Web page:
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Simple Times

Out of Square
by Suzy McCray


My blue-jeaned knees are a combination Alabama-grass green and Blount-County-mud brown.
Bending over so much was tiresome so I’d simply “stand” on my knees every time he stretched the tape again.
I don’t understand it. Somehow my mind just doesn’t comprehend it. I know I’m not stupid. But even though it’s been explained to me in simple terms repeatedly, it just doesn’t make sense to me. I know all opposite sides must be equal. I know then you measure catty-cornered and those numbers must match as well. But when you begin moving those tiny nails and the strings to get that building perfectly in square, my mind’s comprehension goes berserk.
I’ve never been good at math. I squeaked through my one required math class in college literally by the skin of my teeth. So, I don’t know if this is a holdover from my math illiteracy or not, but no matter how much I’ve tried through the years, I just DON’T GET IT!
My daddy explained it to me simply years ago. Even my now-grown son has explained it to me.
Each time I think “I finally got it!” and as soon as we finish what we are doing, it just oozes from my brain.
So as my husband Mack begins building the 40-by-30 barn in the freshly fenced pasture, I am the other-end-of-the-tape-holder. (Mack just explained to me that this is referred to in construction terms as “holding the dumb end.”)
Anybody who has ever visited our little homestead knows that none of my animal buildings and sheds are square.
I would always draw off a square or a rectangle on a piece of paper (or simply with a stick on the ground), dig post holes for the corner 4-by-4 posts and then begin to frame in the little building. Nothing was ever properly “squared” and each little building, with its ragtag tin roof, was so sturdy they have withstood windstorms that violently destroyed my son’s big, above-ground swimming pool next door and did other damage on this farm.
The little sheds and buildings stood. Some for more than three decades.
And the goats, chickens, rabbits, ducks and other assorted farming beasts didn’t care one bit if they didn’t look quite the prettiest. They kept them out of the rain and wind and provided warm shelter in the winter and a somewhat cool respite in the Alabama summer heat.
Now they will all be housed in a neat, perfectly squared red barn with a tin roof and this construction squaring has got this old mind thinking.
My little unsquared buildings and sheds have never really bothered me. They served their purpose and they were the best I could do at the time (many built almost completely out of recycled materials) so I built what was needed and then went on to other things.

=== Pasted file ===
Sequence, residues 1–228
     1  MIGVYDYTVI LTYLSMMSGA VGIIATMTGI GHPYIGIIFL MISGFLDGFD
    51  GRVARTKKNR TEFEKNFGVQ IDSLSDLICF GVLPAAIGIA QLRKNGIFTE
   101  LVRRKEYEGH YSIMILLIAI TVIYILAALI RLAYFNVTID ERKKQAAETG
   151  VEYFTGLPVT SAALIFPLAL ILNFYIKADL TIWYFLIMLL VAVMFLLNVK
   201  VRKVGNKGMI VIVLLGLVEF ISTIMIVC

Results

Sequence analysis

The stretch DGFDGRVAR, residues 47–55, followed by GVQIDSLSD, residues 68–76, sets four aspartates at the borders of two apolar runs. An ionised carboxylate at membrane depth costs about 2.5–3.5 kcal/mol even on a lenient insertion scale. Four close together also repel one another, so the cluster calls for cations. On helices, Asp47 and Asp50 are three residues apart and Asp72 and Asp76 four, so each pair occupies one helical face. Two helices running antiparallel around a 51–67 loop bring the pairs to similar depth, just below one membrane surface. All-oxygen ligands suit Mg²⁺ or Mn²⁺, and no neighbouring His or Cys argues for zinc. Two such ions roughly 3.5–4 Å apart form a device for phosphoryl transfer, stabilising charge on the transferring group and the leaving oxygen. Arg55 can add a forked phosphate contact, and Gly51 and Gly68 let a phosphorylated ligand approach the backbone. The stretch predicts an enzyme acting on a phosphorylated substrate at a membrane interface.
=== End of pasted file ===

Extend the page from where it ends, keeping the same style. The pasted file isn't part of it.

But Mack is much more meticulous. And having the building squared is important to him not only to make the construction of the rest of the building easier but just because he would KNOW if it’s even a couple of inches out of square.
So while I rested on those stained knees and he made adjustments on the strings and boards, my mind began to think of other things.
In the New Testament, we are told to conduct our church services in orderly manners.
But there are numerous instances in the Bible where God appears to place a major emphasis on the size and shape of things.
We’re reading the Bible through in 2019, and we read two or three chapters in the Old Testament and one in the New Testament every night.
In the Old Testament, there are numerous passages of how the house of God was to be built with each segment detailed with certain measurements. Even when Noah built the ark, God detailed exactly how long and wide it was to be.
Then in the New Testament prophecy of Revelation 21:16, it talks about the city being laid out in a perfect square, “with its length as great as its width.”
But in Revelation 11:1, it tells how John was given a “measuring rod” and told to measure not only the temple but THOSE who were worshiping there!
So how are we as individuals measured?
In height, I would be 5-foot-4 and Mack would be 5-foot-10.5.
But God has shown us that physical traits don’t matter! Samuel went to visit Jesse to anoint Israel’s future king. Everybody had been impressed by Saul because he was tall and handsome. So as Samuel looked at each of Jesse’s sons, he was looking for the same outward physical traits. But none of the young men were whom God wanted. Only when the youngest, a ruddy shepherd boy, was called did Samuel realize who God had chosen.
I think a lot now about age as I’m creeping older. But I realize that just as God didn’t want the most handsome man in that instance, He is still looking at the heart of all of us, just like he did David, to see if we measure up.
In the Bible, God used very young folks and then those who were old. He used rich or poor, fat or skinny, skilled or unskilled, educated or unlearned in worldly things.
If John or whoever needs to “measure the church” (as in Revelation) (and WE are the church), then it’s NOT going to be how tall we stand, how “square” our shoulders are, what rhetoric we’ve spouted from a pulpit or even in our private conversations, what finery we wear on Sunday mornings or how our hair was styled.
God looks at our hearts. If our hearts are right, then everything else will fall in place.
We finally got that barn squared using Mack’s long yellow metal tape measure.
I only must read more Scripture to see it’s not that complicated to make sure I “measure up.”
In Isaiah 28:17, God says He will make justice the measuring line and righteousness the plumb line.
I can simply use God’s Word, and not a long metal yellow tape, as my “plumb line” to measure my life by God’s standards!

Suzy McCray and her husband Mack are blessed to live on a small homestead in Blount County. She can be reached through her Facebook page or by email at
suzy.mccray@yahoo.com.

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